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  • Author or Editor: Bh V. Ramana Murty x
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A. S. Ramachandra Murty
and
Bh V. Ramana Murty

Abstract

In an attempt to investigate conditions under which ice crystals can form at comparatively warm temperatures in supercooled regions of a cloud, the scope of experiments on drop freezing, previously undertaken by the authors, has been enlarged. The results of the present extensive series of experiments have confirmed that supercooling drops, when subjected to evaporation, freeze more readily due to what has been called the “dynamic effect” of evaporation. When sodium sulphate was added to the drops in arbitrary concentration, their freezing probability also showed a significant inctease. These findings indicate that, in supercooled regions of a cloud where prevailing conditions are similar to those of the reported experiments, the ice crystal concentration should be two to three orders of magnitude higher than the existing ice nucleus concentration.

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A. S. Ramachandra Murty
and
Bh V. Ramana Murty

Abstract

No abstract available.

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Bh V. Ramana Murty
,
A. K. Roy
, and
K. R. Biswas

Abstract

The study of echo intensity profile below bright band, when this appears on radar in certain rain situations, has shown that raindrops, after leaving melting level and falling through clouds in warmer layers below do not, as a rule, undergo any noticeable increase in their sizes, suggesting that lower level clouds at this stage have little or no significant liquid water content. The implications of this on the life cycle of rain situations associated with development of bright band are discussed, with reference to a few instances of study, using radar, of such rain at Delhi.

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B. K. Mukherjee
,
K. S. Rao
, and
Bh V. Ramana Murty

Abstract

Computations of vertical motions in the middle atmosphere over the Indian tropical region have been made based on the thermodynamic equation with the geostrophic approximation. The authors have used the once weekly rocketsonde temperature and wind data for the tropical station Thumba India, (8°32′N, 76°52′E) for the four summers (1972, 1973, 1975 and 1976) and two winters (1971 and 1972) which are also years of varying monsoon activity.

In the tropical middle atmosphere, downward motion (subsidence) is the dominant feature when the motion field is considered in a longer time scale. The trend of fluctuations in vertical motion suggests wave structures in the tropical middle atmosphere. The magnitude of the extreme values of the vertical motion in the stratosphere over the high latitudes is larger, by a factor of 2 or more, than those obtained over the low latitudes (tropics). Whereas the magnitude of the vertical motion in high latitudes is associated with stratospheric warmings during winter, the values relating, to low latitudes are computed at 3 h intervals during March.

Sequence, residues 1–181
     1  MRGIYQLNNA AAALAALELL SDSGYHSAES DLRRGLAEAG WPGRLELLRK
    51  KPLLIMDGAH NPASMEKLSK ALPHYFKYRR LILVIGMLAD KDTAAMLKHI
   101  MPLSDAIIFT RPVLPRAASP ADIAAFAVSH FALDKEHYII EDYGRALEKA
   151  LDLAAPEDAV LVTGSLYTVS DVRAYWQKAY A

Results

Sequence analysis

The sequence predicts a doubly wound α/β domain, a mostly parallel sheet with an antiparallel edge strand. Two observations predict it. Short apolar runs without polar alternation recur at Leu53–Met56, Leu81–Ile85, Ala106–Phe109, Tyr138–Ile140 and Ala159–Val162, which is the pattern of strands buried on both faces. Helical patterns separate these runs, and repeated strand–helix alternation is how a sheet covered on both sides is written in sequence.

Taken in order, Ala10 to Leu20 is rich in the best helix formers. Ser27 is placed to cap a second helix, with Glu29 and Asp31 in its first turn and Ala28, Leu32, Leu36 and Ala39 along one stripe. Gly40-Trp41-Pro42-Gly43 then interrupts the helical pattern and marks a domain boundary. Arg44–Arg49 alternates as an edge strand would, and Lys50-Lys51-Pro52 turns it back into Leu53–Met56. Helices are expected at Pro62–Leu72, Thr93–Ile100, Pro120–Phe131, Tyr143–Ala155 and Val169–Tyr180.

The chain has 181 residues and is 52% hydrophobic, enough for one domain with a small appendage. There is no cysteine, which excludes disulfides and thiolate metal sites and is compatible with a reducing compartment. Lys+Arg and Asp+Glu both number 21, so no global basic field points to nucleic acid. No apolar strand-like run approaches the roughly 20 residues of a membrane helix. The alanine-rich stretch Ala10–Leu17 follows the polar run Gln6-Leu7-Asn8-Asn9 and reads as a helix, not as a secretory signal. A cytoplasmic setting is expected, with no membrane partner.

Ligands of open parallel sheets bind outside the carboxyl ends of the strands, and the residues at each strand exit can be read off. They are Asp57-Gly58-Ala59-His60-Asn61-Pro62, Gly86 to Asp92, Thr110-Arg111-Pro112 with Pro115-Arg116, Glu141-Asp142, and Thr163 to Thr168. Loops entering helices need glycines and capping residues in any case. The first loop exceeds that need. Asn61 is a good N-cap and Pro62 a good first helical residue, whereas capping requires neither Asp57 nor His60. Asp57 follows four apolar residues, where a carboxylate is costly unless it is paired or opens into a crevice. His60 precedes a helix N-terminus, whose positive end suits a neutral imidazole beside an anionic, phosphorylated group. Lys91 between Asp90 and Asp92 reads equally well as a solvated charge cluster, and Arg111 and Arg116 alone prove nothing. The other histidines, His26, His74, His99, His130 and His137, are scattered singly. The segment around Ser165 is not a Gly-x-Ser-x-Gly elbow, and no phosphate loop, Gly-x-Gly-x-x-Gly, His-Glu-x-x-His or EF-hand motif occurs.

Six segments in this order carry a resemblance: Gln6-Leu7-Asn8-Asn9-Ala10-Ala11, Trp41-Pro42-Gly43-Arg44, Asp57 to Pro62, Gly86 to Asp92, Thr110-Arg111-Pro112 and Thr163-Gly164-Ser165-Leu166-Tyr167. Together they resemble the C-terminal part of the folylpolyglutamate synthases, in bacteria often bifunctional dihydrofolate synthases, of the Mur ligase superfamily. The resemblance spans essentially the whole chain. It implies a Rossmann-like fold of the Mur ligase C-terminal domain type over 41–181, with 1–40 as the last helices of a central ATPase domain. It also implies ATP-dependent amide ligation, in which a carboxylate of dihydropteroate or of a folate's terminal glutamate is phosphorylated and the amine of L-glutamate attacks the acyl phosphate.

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A. Mary Selvam
,
G. K. Manohar
,
L. T. Khemani
, and
Bh V. Ramana Murty

Abstract

Simultaneous measurements of raindrop charge, atmospheric electric field and rain intensity were made at Poona using fast response, continuous recording surface instruments during four types of rain: pre-monsoon (thunderstorm rain), monsoon rain type I (tight intermittent rain), monsoon rain type II (heavy continuous rain) and post-monsoon (thunderstorm rain). Measurements were also made of the conductivity of rainwater samples collected during the monsoon season. On some days of this period data on cloud thickness as obtained from the aircraft flights in the region were also available.

The electric field associated with negatively charged raindrops was less negative than that associated with positively charged drops. The raindrop charge spectrum showed different characteristics during the four types of rain studied. It was broadest during the pre-monsoon rain when the convective activity was a maximum. It followed a log-normal distribution during the monsoon rain type I and it was peaked and skewed to the positive side during the monsoon rain type II. Rainwater conductivity was inversely correlated with the cloud vertical thickness. The results of the present study support the warm cloud charge generation mechanism proposed by Takahashi (1974).

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